On Friday, President Donald Trump got the first real win of his presidency with the confirmation of Colorado’s Neil Gorsuch to be the next justice of the Supreme Court. Although there have been other useful actions by the president during his first 80 days such as his welcome assault on the growth of the regulatory state, those were lightly covered by the media and did not involve showing any ability to maneuver Congress into accomplishing any of his — or any other Republican’s — major campaign goals.
On one hand, it may have been overly ambitious to hope for a repeal of Obamacare within the first dozen weeks of a Trump presidency. On the other hand, the failure to do so was a spectacular example of Republican legislators still unsure how to operate as the governing party, of spineless GOP “moderates” who can’t bear to take away an “entitlement” no matter how harmful to the literal and figurative health of the nation, and of a president whose lack of political experience is not the unvarnished blessing that his supporters thought it to be.
At this point, Mr. Trump is in the unenviable position of needing to expend political capital to nudge House (and then Senate) Republicans to yes on a real Obamacare repeal bill (and later on tax reform and other major agenda items) but having begun his presidency with far less political capital than a new president typically does and having lost much of that through a combination of his own unforced errors, uncompliant members of Congress, and incessant and often unfair attacks by the “mainstream media.”
When a new president’s approval ratings are hovering around 40%, he has little leverage over members of his party, particularly those very moderates and Tea Party/Freedom Caucus types who are “trying to get to yes” on Obamacare repeal but who do not see their political fortunes tied to Trump’s.
A modest bump in Mr. Trump’s approval ratings is to be expected following the missile strike on Syria, but even that may fade quickly if the public sees it as no more than the “unbelievably small” strike that former Secretary of State John Kerry promised more than three years ago. Reports that Syrian Air Force jets were taking off from the Shayrat air base less than a day after Mr. Trump ordered it targeted with 59 Tomahawk missiles are something of a propaganda win for Bashar Assad and Vladimir Putin. Within a few hours more, the town of Khan Sheikhoun, where 86 people died in the chemical attack that stirred Trump to action, was bombed again. That it was not a chemical weapon this time probably does not make the town’s remaining population feel much better. Russia and Syria are all but daring Mr. Trump to take more significant action, knowing that he probably won’t. With each passing hour, the strike feels to have been much more bark than bite.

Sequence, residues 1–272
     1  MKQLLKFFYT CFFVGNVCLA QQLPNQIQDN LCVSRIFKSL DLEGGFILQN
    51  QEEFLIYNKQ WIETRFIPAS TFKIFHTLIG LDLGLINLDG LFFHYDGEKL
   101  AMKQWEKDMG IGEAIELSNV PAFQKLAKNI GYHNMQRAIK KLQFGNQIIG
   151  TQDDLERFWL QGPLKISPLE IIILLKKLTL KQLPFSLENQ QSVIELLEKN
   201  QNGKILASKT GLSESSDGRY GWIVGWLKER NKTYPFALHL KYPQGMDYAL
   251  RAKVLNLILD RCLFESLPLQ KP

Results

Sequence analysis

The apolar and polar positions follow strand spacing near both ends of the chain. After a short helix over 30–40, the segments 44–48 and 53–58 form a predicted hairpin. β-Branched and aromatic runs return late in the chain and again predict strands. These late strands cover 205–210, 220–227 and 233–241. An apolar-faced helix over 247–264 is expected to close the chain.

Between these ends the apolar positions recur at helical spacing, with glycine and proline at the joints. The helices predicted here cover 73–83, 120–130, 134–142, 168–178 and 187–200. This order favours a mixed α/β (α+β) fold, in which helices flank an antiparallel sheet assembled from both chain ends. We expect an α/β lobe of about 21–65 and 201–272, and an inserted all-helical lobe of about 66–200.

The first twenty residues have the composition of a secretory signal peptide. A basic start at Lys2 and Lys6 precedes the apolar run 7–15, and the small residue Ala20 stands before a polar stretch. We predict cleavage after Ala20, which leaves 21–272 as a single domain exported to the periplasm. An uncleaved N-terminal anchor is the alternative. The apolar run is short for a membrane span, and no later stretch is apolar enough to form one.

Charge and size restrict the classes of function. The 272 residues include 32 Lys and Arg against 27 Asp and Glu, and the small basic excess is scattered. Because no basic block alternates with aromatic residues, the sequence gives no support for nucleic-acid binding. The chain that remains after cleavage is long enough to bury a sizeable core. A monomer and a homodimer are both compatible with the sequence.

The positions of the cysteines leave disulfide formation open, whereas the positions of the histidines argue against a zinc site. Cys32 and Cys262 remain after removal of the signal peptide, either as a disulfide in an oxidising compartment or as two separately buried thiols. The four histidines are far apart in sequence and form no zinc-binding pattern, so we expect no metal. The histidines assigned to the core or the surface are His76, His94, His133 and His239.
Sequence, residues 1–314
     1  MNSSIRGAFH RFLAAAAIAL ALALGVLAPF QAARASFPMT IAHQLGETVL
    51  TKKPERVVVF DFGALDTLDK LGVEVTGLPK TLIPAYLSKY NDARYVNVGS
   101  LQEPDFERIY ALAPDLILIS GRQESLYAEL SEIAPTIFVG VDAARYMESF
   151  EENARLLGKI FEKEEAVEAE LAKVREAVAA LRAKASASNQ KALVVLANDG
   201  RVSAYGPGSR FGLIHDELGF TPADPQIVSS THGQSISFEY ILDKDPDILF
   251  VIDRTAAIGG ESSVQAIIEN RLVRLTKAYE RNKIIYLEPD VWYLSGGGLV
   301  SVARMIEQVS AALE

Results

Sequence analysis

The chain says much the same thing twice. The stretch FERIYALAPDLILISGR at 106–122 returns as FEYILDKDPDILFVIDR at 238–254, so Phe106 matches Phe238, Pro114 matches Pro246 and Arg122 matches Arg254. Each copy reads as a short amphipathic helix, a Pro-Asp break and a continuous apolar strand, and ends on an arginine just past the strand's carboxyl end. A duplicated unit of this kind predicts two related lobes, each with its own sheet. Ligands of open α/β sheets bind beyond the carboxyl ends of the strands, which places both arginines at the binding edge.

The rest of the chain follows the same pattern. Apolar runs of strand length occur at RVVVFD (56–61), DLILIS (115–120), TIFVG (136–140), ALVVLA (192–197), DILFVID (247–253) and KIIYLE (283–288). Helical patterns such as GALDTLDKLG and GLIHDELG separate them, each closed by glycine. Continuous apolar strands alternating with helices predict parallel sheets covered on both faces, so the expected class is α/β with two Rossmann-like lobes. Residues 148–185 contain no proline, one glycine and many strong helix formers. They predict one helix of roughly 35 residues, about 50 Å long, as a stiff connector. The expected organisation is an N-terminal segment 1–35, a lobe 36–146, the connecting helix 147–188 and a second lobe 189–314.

However, the fact that there was a U.S. strike on Syria is far more important than what the strike accomplished. To wit: It put distance between Trump and Russian President Vladimir Putin, helpful for Mr. Trump both domestically and internationally. It told the world that this is no longer Barack Obama’s U.S. foreign policy. It reminded Chinese and North Korean leaders that Mr. Trump’s recent statements of willingness to act unilaterally must be taken seriously. (Whether that increases or raises risks on the Korean peninsula in the short term is another matter, with North Korea claiming that the U.S. air strike on Syria proves its need for nuclear weapons. A DPRK statement Sunday blustered, “We will bolster up in every way our capability for self-defense to cope with the U.S. evermore reckless moves for a war…”) Back on the home front, the strike distracted from the ongoing media-fueled conversation of an administration at war with itself.
And perhaps most importantly for the longer-term prospects for Donald Trump’s presidency, it showed a man willing to change his position on an issue that had been a consistent campaign theme for him: that Syria is not enough of an American strategic interest to justify our military involvement.
We can debate whether his campaign position remains the correct one — certainly many of his supporters continue to believe it does and are unhappy with last week’s actions — or whether other changes in the strategic situation justify what appears to be an emotional reaction by the president to images of dead children.
The change in Trump’s Syrian position would be less remarkable were it not for its being one of many recent changes in Trumpworld and an increasing separation between the president’s current actions and his campaign rhetoric.